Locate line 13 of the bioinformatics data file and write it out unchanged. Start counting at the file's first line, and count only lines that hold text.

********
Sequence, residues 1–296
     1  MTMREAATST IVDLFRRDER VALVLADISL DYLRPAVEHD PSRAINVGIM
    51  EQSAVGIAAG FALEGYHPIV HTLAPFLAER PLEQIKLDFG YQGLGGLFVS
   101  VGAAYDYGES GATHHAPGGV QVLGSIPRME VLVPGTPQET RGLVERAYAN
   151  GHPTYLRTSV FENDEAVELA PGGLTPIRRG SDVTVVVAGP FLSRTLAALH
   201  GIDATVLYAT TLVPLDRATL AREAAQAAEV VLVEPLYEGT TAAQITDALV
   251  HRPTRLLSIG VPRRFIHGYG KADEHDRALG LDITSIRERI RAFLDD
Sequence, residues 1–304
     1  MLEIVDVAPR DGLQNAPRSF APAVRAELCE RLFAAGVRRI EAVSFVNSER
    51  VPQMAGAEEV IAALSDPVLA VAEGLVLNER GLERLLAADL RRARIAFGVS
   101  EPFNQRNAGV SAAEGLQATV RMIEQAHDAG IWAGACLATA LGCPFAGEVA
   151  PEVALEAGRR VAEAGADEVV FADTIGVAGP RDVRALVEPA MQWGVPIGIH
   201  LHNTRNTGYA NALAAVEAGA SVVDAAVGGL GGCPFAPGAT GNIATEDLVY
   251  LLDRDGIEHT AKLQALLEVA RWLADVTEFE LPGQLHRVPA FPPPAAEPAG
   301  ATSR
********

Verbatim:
   201  LHNTRNTGYA NALAAVEAGA SVVDAAVGGL GGCPFAPGAT GNIATEDLVY